People working for the largest bank in Cyprus massed at the Nicosia headquarters in support of the bank’s chairman, who has resigned in the wake of the country’s bailout.
Andreas Artemis quit after the country’s central bank appointed an administrator to oversee the restructuring of the Bank of Cyprus.
Staff are also anxious about what the restructuring means for their jobs.
Referring to the decision to dissolve the largest bank, Laiki, also known as Cyprus Popular Bank, employee Panicos Stelianou said:
“After the comments by the central bank chief, Mr Demetriades, about restructuring of the Bank of Cyprus, which is similar to plans for the Popular Bank, we can see exactly what’s going on.
“Mr Artemis resigned and everything is volatile. If their only goal was to destroy the banking sector in Cyprus, then it looks like they found a way. After Popular Bank it will be us.”
Another employee Andreas Vassiliou explained what the gathering at the Nicosia headquarters was all about.
“It is a big demonstration. The workers of the Bank of Cyprus have shown once again that they are demanding their rights. We are carrying out a very dignified and peaceful protest and it is only to secure the rights of the employees of the Bank of Cyprus” he said.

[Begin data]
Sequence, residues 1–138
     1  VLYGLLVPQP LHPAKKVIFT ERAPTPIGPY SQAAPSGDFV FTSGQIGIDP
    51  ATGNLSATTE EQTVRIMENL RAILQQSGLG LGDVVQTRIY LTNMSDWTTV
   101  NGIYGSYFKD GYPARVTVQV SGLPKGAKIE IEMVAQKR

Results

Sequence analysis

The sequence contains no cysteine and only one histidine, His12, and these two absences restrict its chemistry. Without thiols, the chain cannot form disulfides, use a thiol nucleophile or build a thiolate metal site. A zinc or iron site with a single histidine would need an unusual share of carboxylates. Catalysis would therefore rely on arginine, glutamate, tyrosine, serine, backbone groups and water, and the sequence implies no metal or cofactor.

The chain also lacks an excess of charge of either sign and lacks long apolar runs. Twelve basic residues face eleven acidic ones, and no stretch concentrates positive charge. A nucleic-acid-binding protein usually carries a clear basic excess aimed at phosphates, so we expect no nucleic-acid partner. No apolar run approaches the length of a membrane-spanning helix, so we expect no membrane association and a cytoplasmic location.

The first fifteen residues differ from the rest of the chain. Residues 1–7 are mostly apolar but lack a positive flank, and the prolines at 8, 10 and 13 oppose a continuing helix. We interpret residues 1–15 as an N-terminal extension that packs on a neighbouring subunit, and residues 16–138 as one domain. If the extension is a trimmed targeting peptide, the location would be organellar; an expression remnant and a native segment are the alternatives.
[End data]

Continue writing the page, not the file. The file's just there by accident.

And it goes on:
There are unconfirmed reports that customers of the Bank of Cyprus with more than 100,000 euros in their account will have the levy imposed on Friday – though there is still no percentage figure. Finance Minister Michael Sarris has said the ‘haircut’ is expected to be around 40 percent.
euronews’ correspondent in Nicosia Stamatis Giannisis said: “It’s the second week in a row that the banks have remained closed, causing serious cash shortages for ordinary people and businesses. But even if they reopen on Thursday, as the government has announced, it’s expected to be a very long time until the banking transaction system gets back on track.”
The Cyprus bank bailout
- The bailout will mean a significant restructuring of Cyprus’ banking sector
- The country’s second largest bank, Laiki bank, will be split into two parts, a “bad bank” and “good bank”, before being closed, incurring thousands of job losses
- Deposits in Laiki bank of less than 100,000 euros (effectively the “good bank”) are insured by EU law and will be transferred to the country’s biggest bank, Bank of Cyprus
- Deposits in Laiki bank of more than 100,000 euros are not insured by EU law and will be put into the “bad bank”
- Deposits in this “bad bank” and deposits of more than 100,000 euros in Bank of Cyprus will be frozen and used to pay Laiki’s debts and recapitalize Bank of Cyprus. These uninsured depositors will have to face forced losses of up to 40% on their deposits